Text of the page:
The run started at World Cup Stadium and ventured off along the river. It rained a little bit---just enough to cool us down, but not enough to make the trail slippery or make it uncomfortable. At first, we were all running as a big group; it was hard to find space for my feet. But it was exciting to be racing a clock, actually running for a purpose instead of just to move somewhere. After a while, when the real runners found their way to the front as us amateurs slowed down, there was finally some room for all of us.
Running along the river trail was beautiful. The Han River is a view that I will never get tired of. I live really close to the river, so I did all of my training runs on the trail near my house. I discovered that running from my apartment to the 63 Building in Yeouido is about 10 kilometres (well, it is according to my caveman-basic calculations, anyways), so I run there and back for my weekly runs.
I remember one of my first runs, when I was running towards the river under a bunch of overpasses and I just stepped onto the river trail, and suddenly the view of the river opened up to me. It was late, maybe 10 o'clock, and so the sky was dark but the tall apartment buildings across the river were full of light. So this amazing view of the river reflecting all these lights just opened up all at once. I actually gasped out loud---a full, deep intake of air, and then a "Wow." That was then followed by some quick sideways glances to make sure no one heard me. It was just that beautiful, I couldn't help it.
And so I was running along the river once again. I was running to the sound of my feet hitting the pacement, counting each kilometre marker as it went by: 1, 2, 3...that went by quickly...4, 5...halfway done...6, 7, 8...almost there...
I was trying to find the ninth kilometre marker when I first saw the spectators. They were standing along the edge, pumping their fists in the air and shouting something like "Whiting!" or "Piting!" The people kept coming, more and more were standing at the sidelines cheering, "Piting!" to everyone running by. Even though I wasn't sure what they were saying, it pumped me up and I kept going, now with a smile on my face. Then I turned a corner and there, suddenly, was the finish line. With a quick burst of energy and a few dozen "Piting!"s, I crossed the line.
It wasn't until later that I found out the crowd was yelling, "Fighting!" (pa-ee-ting or hwa-ee-ting, in Korean)---the Konglish expression for encouragement. It doesn't really have a direct translation, but it's meant to be like "You can do it!" or "Go for it!" or "Don't give up!"
It's come to be something I look forward to when I race; I know that I must be nearing the end when I hear it, and it gives me that one last burst of energy I need to cross the line. It's what I needed to hear this morning, as I was nearing the finish line at Olympic Stadium. "Keep going!" they said. "Don't slow down, just keep fighting!"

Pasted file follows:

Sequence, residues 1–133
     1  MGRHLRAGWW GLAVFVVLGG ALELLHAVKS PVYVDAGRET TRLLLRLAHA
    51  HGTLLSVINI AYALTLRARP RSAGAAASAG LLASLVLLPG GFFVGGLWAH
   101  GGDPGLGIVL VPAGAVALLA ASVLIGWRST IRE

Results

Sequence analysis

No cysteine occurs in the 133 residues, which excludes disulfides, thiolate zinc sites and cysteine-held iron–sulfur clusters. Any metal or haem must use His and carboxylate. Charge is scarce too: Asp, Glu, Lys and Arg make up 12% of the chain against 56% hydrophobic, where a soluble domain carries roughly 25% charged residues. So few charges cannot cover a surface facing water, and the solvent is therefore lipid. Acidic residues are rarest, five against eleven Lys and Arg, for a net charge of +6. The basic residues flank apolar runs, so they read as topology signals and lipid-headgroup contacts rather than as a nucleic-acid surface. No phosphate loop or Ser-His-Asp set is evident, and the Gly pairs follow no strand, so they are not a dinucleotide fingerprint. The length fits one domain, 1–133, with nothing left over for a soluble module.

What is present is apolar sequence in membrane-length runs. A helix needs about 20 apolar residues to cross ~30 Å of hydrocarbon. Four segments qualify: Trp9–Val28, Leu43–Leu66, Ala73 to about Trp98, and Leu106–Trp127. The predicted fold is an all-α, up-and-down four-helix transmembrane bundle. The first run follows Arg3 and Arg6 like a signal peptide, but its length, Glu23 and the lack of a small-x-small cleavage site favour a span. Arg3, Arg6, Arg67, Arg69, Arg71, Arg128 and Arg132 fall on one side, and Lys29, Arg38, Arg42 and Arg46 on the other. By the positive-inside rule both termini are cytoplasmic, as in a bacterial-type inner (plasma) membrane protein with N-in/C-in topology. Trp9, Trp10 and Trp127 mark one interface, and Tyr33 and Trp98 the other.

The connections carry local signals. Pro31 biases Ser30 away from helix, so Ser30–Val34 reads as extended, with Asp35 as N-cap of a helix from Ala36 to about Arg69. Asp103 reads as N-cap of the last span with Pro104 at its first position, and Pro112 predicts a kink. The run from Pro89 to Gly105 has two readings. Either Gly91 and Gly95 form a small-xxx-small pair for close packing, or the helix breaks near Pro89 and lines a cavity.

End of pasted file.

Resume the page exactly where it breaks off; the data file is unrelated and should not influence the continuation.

And I crossed the line with my best time yet.
To greet someone in Korean, say "Ahn-nyung-ha-say-yo?" It's always spelt with a question mark because you're actually saying, "Are you peaceful?" It's a much sweeter greeting than our boring "Hello!" (But, answering a phone is a little bit different. In this case, you say "Yuh-bo-say-yo?" which translates to "Hello?")
As for goodbyes, it depends on whether you're staying and saying goodbye to someone who's leaving or the other way around. If you're staying and the other person is leaving, say "Ahn-nyung-hee-gah-say-yo." If you're the one who is leaving, say "Ahn-nyung-hee-kay-say-yo." Ahn-nyung (peace) is found in these expressions, too. Instead of a simple "goodbye," you're saying "Peace go with you" or "Peace stay with you," respectively.
It's no wonder that flashing the peace sign is such a popular pose in photos!
My Year 3s were practicing the modal verb "should" in class one day, so we practiced giving advice for different situations. For a group discussion, I asked them: If you want to learn English, what should you do? They came up with some great answers. If you want to learn English, you should*...
- memorize a lot of words and Idoms.
- practice pronunciation.
- recite vocabulary.
- memorize many word phrases.
- do preview, review.
- try to copy native speaker's pronunciation.
- study English and Korean grammar.
- learn English hard in the school.
- hearing teacher's talking.
- prepare for the next English class.
- listen to what the teacher says.
- be interested in the class.
- not chatting with your friends.
- participate during class.
- go Academy (cram school)
- quiet in the classroom.
- pay attention during class.
- do the class activities.
- do the homework hardly.
- read English newspaper.
- listen to English CDs.
- watch English channels on TV.
- watch the CNN channel or animation (like shimpsons (?))
- play English game.
- read a lot of English books!
- watch English movie without translation.
- listen to English songs.
- listen English very much.
- read books about English.
- speaking English.
- have English talk time.
- try to write things in English.
- write down important things.
- be friends with people who speak English well.
- do penpal with another country friends.
- meet lots of foreign people.
- try to talk to foreign people.
- go to foreign countries.
- go abroad.
- go to America.
- speak louder.
- be brave to use English.
- try to like learning English.
- have a positive attitude.
- get a confidence.
- do effort always.
* Taken directly from my students' work, mistakes and notations included!
If I followed his advice, I would miss out on half the adventures, half the chaos, half the fun.
But Mr. Emerson does have a point.
While it makes travelling more difficult, it also could make it more valuable. It's (sometimes unfortunately) really easy to visit and even live in Seoul without knowing Korean. But there are times I wish I could communicate deeper with people. I'm lucky; my friends from work are able to translate a lot of their and other's conversations for me. But there's more to communication that just simple translations. It's meanings. It's understanding what's not being said. That's what I'm missing.